Kansas City Business Journal Health reporter Aly Van Dyke’s story on the complications of the Medicare bidding program reports that 48 of the 164 companies in Kansas City that applied received contracts to continue to sell durable medical equipment to Medicare beneficiaries. “Medicare awarded contracts to companies that bid the lowest prices. Because previous fee schedules reflected historical prices adjusted for inflation, current prices could be as much as three to four times the current retail prices, according to studies from the Office of the Inspector General and the General Accounting Office.
‘Our government is telling us that it is focusing on job creation and the health and well-being of Americans, but this competitive bidding system does nothing to aid either of these two priorities,’ Rose Schafhauser, executive director of Midwest Association for Medical Equipment Services, said in the release. ‘Competitive bidding is a job-killing program that is forcing small businesses around the country to close and is putting people out of work. As a result, it is taking away patients’ basic right to choose where and from whom they can or can’t get care and services.”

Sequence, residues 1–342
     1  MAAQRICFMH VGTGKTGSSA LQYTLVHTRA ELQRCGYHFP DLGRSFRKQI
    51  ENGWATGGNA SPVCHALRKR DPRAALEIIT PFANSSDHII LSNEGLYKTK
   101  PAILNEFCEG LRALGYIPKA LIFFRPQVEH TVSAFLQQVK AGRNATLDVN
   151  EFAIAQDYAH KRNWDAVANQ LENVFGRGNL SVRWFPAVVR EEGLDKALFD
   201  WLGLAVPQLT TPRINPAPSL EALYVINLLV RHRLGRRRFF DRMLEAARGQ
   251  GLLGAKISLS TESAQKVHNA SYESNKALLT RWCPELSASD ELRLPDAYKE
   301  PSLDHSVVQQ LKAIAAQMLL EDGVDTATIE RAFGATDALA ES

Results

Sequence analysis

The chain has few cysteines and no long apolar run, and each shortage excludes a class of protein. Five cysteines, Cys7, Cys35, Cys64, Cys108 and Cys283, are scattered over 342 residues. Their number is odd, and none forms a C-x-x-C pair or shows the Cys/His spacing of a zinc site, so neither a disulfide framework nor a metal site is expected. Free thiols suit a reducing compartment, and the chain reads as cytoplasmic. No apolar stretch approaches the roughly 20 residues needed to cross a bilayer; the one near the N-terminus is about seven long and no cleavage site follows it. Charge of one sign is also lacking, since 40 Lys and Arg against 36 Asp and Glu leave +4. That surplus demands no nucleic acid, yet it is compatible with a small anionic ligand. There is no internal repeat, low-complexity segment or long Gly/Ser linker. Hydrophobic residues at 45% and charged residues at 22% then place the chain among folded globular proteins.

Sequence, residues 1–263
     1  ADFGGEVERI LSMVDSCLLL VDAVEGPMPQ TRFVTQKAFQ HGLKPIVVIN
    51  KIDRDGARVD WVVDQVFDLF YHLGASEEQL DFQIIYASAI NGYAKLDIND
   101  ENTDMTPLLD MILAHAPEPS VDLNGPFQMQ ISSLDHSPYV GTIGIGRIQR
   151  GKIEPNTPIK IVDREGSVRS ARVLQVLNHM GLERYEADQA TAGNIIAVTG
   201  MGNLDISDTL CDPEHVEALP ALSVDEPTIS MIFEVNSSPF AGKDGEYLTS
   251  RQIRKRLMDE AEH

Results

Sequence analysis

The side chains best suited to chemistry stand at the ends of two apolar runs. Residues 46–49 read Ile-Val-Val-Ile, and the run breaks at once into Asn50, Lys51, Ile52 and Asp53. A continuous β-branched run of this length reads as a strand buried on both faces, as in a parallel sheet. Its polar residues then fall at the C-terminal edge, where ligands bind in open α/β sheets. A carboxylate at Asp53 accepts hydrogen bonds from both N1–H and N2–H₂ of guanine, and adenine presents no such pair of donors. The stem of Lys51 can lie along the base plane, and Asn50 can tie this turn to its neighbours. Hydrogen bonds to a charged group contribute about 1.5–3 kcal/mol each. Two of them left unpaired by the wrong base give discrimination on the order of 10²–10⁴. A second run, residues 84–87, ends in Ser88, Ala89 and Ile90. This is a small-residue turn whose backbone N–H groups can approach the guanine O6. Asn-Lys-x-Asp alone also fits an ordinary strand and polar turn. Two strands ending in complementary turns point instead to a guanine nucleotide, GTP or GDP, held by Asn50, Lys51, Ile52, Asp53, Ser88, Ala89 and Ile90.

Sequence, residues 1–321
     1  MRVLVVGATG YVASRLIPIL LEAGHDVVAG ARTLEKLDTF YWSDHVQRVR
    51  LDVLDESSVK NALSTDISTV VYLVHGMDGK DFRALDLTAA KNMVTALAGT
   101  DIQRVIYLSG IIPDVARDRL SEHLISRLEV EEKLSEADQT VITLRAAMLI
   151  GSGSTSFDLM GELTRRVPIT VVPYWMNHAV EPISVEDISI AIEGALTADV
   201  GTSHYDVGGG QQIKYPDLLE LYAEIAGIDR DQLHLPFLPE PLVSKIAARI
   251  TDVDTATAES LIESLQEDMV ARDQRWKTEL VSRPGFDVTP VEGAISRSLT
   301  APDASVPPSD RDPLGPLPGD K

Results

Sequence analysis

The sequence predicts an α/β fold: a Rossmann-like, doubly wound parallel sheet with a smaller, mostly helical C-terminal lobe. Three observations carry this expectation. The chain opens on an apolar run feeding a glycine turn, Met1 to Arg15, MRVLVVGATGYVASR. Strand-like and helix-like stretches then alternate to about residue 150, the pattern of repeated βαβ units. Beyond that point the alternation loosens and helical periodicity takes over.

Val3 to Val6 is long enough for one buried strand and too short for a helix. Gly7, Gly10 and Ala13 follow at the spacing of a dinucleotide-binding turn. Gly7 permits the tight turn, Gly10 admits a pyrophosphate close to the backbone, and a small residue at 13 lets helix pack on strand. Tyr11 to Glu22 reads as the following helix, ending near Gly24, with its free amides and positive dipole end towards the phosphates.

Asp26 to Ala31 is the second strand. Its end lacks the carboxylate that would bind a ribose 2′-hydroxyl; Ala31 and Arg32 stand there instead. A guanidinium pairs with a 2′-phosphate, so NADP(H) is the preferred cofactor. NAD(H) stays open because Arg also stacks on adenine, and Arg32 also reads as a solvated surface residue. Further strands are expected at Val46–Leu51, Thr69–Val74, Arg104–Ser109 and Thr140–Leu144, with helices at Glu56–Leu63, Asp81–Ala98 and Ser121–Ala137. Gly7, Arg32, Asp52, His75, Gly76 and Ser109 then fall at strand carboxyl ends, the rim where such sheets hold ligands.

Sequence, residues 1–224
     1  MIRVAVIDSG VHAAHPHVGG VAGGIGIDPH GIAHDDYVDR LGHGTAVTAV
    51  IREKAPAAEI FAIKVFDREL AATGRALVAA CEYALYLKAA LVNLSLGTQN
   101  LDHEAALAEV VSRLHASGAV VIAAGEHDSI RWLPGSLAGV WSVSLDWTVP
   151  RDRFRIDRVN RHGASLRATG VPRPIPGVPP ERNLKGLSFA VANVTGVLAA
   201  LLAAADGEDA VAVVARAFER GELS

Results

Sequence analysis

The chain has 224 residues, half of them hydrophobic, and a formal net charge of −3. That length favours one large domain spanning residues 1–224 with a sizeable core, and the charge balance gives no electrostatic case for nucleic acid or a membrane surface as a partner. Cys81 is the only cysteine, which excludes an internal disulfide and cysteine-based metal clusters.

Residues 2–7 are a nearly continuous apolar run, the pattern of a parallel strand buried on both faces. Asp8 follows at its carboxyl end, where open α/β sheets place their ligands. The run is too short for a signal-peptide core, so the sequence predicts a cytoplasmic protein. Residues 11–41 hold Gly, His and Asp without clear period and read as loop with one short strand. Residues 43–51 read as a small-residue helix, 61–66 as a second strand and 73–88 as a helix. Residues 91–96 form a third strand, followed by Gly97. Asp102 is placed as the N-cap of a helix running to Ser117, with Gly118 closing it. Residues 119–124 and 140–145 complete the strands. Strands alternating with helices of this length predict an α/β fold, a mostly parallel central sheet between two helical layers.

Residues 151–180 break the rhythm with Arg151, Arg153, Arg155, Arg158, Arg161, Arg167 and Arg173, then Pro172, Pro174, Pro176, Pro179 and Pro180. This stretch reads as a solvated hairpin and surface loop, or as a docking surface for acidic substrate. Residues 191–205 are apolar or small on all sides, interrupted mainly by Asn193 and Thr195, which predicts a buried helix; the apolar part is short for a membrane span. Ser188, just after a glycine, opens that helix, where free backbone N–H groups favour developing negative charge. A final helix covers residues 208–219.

While homecare businesses are reeling from the effects of the program, their patients are also suffering. “Since the implementation of the competitive bidding program, the American Association for Homecare has logged more than 175 complaints from seniors and health care providers.
“Seniors report difficulty finding equipment locally, delays in getting medically required equipment and longer hospital stays, the association says. Providers claim that the program limits patient choices. And some contract winners say hospital discharge employees are referring patients only to companies that received multiple contracts, rather than those that won one or two for different supplies.”
Read the full story at http://t.co/Ue9Ckfg